The buzzer sounds. A timeout is called. It’s February 28, there is 1 minute and 38 seconds left in the first playoff game against River Hill High School, the Raiders are down by seven, the gym is filled with the heat off the players’ backs and the nervous tension of the coaches, parents, and students. A lot is at stake for these players: it is the first round of playoffs. The anxious roar of the crowd grows as the players huddle closer. The buzzer sounds again and the Raiders win their first playoff game 48-44.
The Atholton boys varsity basketball team had a 16-4 record this past season. They made it to the MPSSAA 3A state semi-finals, the farthest of any Howard County boys varsity basketball team.
This team is built around the philosophy of being a family.“Team is family,” said Jared Albert, coach of the Atholton boys varsity basketball team,“a successful team does not have to be wins and losses” Senior Ayyub Rabb, shared his perspective on the dynamic, “even the coach is family, he’s like a father to me, I’ve never been on a team like this, it is very, very good..I love it” The team believes that their success is due to this close knit community, “We have the most chemistry of any team I have ever been on,” said Senior Arya Parekh.
This past basketball season has been an outstanding one for Atholton’s Varsity boys. Finishing with 16 wins and only 4 losses, these players have done it all. They had a phenomenal start to this season, with 11 wins in a row, and some players even beating their own personal records.
With COVID having a significant impact on all athletics this year, the winter sports were even more impacted. In late December, COVID numbers rose, which caused HCPSS to put a three-week halt on the basketball season.
Due to this season being amidst the pandemic, the team faced hardships unlike any other year. Coach Albert said “that was difficult,” when talking about the three week shutdown due to the abundance of COVID cases “but [he] thought [his] kids really responded well to [it].”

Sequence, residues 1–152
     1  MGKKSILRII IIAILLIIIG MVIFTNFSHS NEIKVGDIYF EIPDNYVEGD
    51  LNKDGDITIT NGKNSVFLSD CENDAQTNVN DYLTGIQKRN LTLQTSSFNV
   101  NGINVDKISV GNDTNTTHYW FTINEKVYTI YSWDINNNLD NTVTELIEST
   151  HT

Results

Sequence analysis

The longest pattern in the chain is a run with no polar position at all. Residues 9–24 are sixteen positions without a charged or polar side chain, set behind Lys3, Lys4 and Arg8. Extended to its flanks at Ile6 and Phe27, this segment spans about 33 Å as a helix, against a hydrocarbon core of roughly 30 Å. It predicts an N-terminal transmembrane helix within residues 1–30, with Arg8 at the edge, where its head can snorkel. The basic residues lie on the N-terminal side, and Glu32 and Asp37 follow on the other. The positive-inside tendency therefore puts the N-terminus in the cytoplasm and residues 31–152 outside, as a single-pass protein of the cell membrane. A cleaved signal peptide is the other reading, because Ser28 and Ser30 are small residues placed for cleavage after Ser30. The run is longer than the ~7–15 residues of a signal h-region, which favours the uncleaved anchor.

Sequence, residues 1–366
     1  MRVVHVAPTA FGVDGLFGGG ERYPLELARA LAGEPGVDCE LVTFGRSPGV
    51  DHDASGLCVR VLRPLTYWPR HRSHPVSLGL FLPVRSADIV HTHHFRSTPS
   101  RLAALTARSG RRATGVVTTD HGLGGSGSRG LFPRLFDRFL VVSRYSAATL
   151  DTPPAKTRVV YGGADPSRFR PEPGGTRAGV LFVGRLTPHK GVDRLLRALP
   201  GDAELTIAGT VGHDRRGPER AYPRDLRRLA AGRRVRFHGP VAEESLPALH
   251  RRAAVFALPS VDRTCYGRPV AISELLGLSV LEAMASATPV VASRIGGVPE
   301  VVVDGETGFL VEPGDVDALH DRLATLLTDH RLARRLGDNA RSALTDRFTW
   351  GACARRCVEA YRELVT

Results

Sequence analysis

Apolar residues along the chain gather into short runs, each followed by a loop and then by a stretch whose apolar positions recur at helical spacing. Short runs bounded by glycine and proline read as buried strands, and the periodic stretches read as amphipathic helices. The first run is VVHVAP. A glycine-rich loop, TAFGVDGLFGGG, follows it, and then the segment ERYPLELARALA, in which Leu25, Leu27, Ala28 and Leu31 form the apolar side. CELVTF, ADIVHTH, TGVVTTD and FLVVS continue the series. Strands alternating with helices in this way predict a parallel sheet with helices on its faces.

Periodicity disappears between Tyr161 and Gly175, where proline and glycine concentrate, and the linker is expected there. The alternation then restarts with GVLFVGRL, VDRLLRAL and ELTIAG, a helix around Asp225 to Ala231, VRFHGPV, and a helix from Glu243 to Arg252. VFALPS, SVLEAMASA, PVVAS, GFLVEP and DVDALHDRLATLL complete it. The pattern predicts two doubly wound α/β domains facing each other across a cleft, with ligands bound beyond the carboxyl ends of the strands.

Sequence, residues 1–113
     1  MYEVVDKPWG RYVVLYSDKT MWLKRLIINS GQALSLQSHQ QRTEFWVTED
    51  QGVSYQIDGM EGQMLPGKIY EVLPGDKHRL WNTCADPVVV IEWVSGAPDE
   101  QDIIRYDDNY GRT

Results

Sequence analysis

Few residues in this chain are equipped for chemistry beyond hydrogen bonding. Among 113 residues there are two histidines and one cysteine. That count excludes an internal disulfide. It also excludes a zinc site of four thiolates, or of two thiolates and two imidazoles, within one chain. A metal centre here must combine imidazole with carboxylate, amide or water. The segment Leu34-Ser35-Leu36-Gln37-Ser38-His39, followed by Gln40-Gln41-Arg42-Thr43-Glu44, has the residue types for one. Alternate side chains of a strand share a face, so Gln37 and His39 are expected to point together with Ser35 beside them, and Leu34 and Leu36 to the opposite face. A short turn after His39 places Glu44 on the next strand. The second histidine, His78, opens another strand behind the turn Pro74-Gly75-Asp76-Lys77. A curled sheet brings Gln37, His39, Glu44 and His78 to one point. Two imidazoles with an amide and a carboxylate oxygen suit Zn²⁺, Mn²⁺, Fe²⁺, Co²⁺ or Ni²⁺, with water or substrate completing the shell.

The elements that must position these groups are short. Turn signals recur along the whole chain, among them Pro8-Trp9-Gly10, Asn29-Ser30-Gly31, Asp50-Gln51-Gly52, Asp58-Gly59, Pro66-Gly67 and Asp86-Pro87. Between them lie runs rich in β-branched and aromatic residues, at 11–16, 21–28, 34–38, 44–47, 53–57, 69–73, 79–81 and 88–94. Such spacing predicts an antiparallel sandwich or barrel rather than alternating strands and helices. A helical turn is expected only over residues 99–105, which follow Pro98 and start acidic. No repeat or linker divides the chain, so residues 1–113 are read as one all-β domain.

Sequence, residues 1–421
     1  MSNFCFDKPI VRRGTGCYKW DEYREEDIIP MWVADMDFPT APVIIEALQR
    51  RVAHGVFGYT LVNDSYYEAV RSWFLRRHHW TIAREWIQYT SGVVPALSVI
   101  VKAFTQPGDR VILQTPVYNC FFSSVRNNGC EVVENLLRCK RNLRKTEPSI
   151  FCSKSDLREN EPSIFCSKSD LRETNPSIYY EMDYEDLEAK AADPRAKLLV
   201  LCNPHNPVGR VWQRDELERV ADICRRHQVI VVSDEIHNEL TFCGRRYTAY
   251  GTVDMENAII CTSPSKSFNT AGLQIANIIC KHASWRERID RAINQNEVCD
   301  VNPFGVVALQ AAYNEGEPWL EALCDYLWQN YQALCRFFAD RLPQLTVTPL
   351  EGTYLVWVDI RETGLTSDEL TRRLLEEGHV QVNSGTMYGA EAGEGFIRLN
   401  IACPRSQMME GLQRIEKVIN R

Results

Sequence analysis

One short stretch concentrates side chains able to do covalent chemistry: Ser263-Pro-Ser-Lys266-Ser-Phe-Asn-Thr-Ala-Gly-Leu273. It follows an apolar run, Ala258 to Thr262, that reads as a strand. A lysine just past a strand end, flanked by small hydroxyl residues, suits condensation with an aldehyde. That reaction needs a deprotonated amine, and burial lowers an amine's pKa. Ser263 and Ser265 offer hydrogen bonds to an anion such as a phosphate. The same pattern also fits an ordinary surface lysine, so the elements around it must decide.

Amir Shaheed, one of the youngest on varsity, commented on how COVID affected his team, “we won most of our games.” The sophomore player felt his team “thrived after the COVID break.”
Even with missing last year’s whole season due to COVID, it was no trouble for the players to finish the season strong. In their last season (2019-2020), they finished with a 19-7 record. That year they made it to the final four, which was the same ending position as this year. The season prior (2018-2019), they lost the second round of playoffs to Mount Hebron, resulting in them ending with a 19-3 record.
Looking ahead to next season, there are many unknowns, coaches, students, and players don’t know exactly what to expect. With eleven seniors leaving and many opportunities for younger players to come up to varsity, next season will be a surprise. “The beauty of it and the thing I love most about it is not every year is the same..every year is going to be different,” said Coach Albert.
Parekh believes that to be successful, the team can’t just be good, “we have to love each other, love playing with each other, and love the game.”